When I was in high school, I was adamant that I would never take a creative writing class. The pointers we received in English classes always seemed pointless and inapplicable to my own writing — creative writing wasn’t something that could be easily passed on from student to teacher. The best writing teacher, I thought, would be reading as many books as possible.
I still, to a large extent, think this. At the same time, I’m happily enrolled in a creative writing class. So, why the change of heart?
For me, it came about because I felt something was missing from my English major. I was being assessed on my ability to critically read and engage with texts, but not my ability to construct them, and as a result I felt like I wasn’t learning as much as I possibly could be about words. So I finally took the plunge this semester and enrolled in a creative writing class.
While I am actually — and somewhat surprisingly — getting a lot out of my class, I still don’t think creative writing classes are for everyone. In fact, they could actually be hugely detrimental to some people’s processes. So, what are the advantages and pitfalls of creative writing classes?
Firstly, and I think this comes up in a lot of posts about writing classes, if you’re studying creative writing at the tertiary level there does seem to be a preference amongst academics for literary writing. My own program is not like this, so I haven’t run into any problems on that front (although, admittedly, my writing tends to lean that way, anyway), but it would probably be a good idea to work out based on the experience of past students or what lecturers have published whether the program you’re considering is riddled with literary snobs.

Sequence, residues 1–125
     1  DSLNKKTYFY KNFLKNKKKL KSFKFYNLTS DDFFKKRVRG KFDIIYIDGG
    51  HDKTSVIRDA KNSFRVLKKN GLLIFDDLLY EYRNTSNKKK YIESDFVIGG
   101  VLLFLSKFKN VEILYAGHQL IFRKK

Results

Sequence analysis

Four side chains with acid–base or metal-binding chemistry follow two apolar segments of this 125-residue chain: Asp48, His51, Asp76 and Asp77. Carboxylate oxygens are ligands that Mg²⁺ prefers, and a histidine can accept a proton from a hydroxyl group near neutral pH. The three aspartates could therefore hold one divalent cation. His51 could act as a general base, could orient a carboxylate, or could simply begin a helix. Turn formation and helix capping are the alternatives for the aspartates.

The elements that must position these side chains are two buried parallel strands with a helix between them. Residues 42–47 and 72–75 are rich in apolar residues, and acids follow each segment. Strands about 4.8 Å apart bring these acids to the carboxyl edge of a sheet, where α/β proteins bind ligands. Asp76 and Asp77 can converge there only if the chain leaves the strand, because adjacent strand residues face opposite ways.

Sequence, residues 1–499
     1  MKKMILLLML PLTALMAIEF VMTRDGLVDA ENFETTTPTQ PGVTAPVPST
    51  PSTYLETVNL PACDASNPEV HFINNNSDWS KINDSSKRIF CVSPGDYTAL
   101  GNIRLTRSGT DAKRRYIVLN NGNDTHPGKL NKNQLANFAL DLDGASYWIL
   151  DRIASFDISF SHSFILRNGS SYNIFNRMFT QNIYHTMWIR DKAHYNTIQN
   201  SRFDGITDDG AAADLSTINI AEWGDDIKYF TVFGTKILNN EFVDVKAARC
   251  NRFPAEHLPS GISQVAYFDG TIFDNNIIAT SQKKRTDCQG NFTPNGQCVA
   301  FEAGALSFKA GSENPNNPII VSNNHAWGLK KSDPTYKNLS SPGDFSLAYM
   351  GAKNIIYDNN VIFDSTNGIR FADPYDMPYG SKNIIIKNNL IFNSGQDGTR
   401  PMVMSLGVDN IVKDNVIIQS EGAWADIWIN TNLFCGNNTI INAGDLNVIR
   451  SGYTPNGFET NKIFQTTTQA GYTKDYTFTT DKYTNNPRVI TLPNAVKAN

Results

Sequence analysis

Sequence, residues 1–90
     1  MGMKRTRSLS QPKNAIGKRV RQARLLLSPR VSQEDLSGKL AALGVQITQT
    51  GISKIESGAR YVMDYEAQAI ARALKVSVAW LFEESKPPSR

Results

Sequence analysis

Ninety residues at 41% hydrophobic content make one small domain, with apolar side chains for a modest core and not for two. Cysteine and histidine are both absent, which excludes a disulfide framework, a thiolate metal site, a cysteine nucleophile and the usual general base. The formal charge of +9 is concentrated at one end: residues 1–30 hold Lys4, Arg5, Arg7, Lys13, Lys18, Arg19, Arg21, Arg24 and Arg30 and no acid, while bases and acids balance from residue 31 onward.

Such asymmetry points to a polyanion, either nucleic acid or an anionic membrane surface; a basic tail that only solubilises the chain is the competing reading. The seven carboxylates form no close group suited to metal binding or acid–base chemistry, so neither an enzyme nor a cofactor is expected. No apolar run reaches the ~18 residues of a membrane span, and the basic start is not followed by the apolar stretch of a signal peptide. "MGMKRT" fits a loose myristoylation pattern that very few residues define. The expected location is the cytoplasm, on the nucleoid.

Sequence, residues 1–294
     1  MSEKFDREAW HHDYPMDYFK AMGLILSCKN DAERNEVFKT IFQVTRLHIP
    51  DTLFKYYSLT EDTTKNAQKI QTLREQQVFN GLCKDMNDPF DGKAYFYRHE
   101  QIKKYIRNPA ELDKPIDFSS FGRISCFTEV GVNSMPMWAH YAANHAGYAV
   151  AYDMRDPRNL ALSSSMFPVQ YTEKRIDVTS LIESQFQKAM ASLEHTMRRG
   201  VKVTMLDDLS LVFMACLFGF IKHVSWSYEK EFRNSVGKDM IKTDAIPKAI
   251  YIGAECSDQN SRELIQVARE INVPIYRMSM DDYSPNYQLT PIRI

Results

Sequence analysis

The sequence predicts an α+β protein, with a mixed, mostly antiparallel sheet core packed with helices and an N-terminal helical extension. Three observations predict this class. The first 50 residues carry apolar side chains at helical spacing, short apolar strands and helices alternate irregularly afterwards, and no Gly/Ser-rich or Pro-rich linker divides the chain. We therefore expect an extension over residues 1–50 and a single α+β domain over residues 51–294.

The second thing that can be a pitfall for some is that writing classes often expect you to experiment with various styles. For someone like me who had become quite comfortable with novel writing, switching to forms like poetry and short stories can be really difficult. Whether or not this is a pitfall or an advantage, though, is entirely dependent on your perspective as a writer. I have wanted, for a long time, to get outside of my comfort zone, so the experimentation has had benefits for me.
Another major issue that turns a lot of students away from taking creative writing is, obviously, grades. My lecturer is always telling us to ‘be selfish’ about the course, but if you’re someone who is particularly concerned about their grades, it becomes harder in a writing course to do what you want and use the course to benefit yourself. You can easily become caught up in trying to cater to the demands of the classes by writing in a particular, favoured genre or in a certain style or voice that does not come naturally to you. If grades are an issue for you, then you might want to steer clear of such a subjective class.
Lastly, how much you get out of writing courses can depend on your personality. Workshopping is probably the key feature of most creative writing courses, but some writers are far too shy to handle in-person feedback. If you wouldn’t feel comfortable responding to people’s questions about your work, or asking pointed questions, or receiving harsh feedback face-to-face then you might not be cut out for creative writing classes. Of course, there are people like me who absolutely think that they’re too shy for workshopping but who wind up really enjoying it and benefitting from it — I think it’s really something you just have to try once or twice, to see whether it works for you.
For me, creative writing classes have been beneficial because they’ve allowed me to get outside my comfort zone as a writer, but this doesn’t mean that classes don’t have their pitfalls or that they’re suited to everyone.
If you’ve taken a creative writing class, what was your experience like? If you haven’t, do you think you’d ever be interested in taking one in the future?
Vahini Naidoo is a University student from Canberra, Australia. She spends inordinate amounts of time consuming instant noodles and novels. Her debut, Fall to Pieces, will be released by Marshall Cavendish in Fall, 2012. You can read more of her rambly thoughts on her blog.